UBC Theses and Dissertations
Process optimization of jet mills for metallurgical powder production Ramanathan, Gurupraveen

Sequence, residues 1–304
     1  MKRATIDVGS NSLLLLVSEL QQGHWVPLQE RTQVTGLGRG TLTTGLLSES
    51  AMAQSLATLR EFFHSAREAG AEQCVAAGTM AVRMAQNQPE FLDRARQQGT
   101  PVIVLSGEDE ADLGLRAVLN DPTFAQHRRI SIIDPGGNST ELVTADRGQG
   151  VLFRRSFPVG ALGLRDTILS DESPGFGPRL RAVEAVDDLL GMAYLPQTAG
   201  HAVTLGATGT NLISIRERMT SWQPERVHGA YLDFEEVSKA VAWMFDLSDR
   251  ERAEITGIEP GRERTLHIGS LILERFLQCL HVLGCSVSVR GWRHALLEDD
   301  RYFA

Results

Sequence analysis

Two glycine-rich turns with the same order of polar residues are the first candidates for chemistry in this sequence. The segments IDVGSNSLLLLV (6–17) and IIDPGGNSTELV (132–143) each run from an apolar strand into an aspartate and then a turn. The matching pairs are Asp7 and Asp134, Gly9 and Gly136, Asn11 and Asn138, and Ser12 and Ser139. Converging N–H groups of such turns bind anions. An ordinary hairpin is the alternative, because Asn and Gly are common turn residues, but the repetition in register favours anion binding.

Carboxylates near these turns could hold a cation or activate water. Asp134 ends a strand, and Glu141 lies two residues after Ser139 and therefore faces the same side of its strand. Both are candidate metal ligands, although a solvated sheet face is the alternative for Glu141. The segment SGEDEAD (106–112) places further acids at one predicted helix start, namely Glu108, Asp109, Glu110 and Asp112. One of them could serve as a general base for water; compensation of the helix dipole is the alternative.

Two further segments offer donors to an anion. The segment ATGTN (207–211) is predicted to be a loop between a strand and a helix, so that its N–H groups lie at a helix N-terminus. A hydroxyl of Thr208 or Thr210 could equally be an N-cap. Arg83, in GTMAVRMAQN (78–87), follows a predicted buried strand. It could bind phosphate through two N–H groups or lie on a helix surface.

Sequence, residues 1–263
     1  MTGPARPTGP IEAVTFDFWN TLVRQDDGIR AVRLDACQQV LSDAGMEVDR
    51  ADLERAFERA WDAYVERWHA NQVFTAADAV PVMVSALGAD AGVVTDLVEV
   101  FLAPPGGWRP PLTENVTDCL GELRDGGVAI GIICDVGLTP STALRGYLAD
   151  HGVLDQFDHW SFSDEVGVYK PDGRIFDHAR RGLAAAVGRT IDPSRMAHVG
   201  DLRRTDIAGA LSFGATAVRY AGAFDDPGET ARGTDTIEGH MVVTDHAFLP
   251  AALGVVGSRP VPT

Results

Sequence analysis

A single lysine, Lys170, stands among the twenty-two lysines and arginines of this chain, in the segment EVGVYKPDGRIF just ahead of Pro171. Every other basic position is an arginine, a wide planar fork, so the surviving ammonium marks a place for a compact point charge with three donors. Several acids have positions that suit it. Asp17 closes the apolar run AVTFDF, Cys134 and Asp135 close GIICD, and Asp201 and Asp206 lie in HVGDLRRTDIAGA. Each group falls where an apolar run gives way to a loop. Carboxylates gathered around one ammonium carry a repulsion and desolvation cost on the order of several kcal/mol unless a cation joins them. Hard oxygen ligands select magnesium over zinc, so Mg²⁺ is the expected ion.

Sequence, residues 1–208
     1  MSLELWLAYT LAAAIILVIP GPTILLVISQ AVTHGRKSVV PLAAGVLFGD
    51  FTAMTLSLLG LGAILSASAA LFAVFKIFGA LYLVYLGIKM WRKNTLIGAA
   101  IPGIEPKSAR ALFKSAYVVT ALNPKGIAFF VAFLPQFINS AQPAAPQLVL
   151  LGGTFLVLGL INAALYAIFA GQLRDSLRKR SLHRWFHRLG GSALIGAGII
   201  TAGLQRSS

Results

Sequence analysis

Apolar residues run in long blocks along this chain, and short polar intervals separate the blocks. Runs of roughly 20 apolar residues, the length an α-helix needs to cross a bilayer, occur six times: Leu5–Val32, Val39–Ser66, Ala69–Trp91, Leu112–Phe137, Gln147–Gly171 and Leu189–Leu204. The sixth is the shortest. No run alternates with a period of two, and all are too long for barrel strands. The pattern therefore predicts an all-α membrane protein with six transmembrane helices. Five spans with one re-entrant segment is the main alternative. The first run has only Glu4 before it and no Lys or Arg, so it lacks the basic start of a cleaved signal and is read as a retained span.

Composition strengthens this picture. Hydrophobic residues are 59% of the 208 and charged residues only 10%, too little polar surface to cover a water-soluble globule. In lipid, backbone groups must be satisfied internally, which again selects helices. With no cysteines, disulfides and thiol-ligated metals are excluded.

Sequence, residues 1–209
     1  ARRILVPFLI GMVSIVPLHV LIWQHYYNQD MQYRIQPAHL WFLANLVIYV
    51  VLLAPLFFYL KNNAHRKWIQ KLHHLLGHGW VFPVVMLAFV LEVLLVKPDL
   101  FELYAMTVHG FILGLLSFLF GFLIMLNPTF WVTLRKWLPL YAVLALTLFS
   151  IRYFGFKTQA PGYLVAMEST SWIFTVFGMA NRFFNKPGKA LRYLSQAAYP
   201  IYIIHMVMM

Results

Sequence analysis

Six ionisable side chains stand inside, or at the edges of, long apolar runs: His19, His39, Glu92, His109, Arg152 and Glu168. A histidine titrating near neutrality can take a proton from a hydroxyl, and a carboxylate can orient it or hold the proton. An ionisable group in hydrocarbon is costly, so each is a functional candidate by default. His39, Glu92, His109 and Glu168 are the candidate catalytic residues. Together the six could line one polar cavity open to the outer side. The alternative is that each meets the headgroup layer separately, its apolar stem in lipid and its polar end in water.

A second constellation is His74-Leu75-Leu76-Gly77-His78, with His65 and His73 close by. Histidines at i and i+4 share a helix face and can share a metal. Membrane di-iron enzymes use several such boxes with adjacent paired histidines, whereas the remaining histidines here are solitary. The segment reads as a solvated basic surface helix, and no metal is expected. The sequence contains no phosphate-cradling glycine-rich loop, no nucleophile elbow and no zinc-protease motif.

The jet mill operates on the principle of collisions between particles to grind ultrafine powder material without the introduction of heat or any other external force and is capable of particle size reduction from about 100 microns down to 250 nm. The optimization process depends on parameters such as feed rate, grinding air pressure, physical characteristics of the solids (density, hardness, abrasiveness, or tenacity), physical characteristics of the mill shell liner, as well as feed and product particle size distribution (PSD). This research studied the optimization of the jet mill grinding process of ultrafine metallurgical powders in a small-scale 4” jet mill. The research was aimed to understand the effects of feed rate, compartment pressure, and feed particle size distribution on overall mill efficiency and iron entrainment using a stainless-steel shell. In addition, the effect of a polymer-based shell coating on milling efficiency, shell abrasion rate, and iron contamination reduction was assessed. The main variables affecting grinding such as feed rate, grinding air pressure, and feed size were investigated. Optimal operating conditions for running the lab scale jet mill are at the pressure range of 70 to 80 psi, with a feed rate of 3 to 5 kg/hr. At high grinding air pressures, the jet mill produces a small particle size, but high pressure requires more gaseous fluid which makes the process less efficient by consuming more energy. It is concluded that density and hardness seem to have a significant effect on the product fineness. Hard materials such as TaC, WC, and WTiTaC resulted in a finer product size than soft materials like TiC. High grinding air pressure has a greater effect on harder materials than on softer materials in achieving the fine product size. It is understood that jet milling can be more effective than ball milling if the optimum parameters are followed, as recommended in the study; such as feed rate, pressure, feed size, and the liner used in producing the metallurgical powders TiC, TaC, WC, or a combination of any of these.
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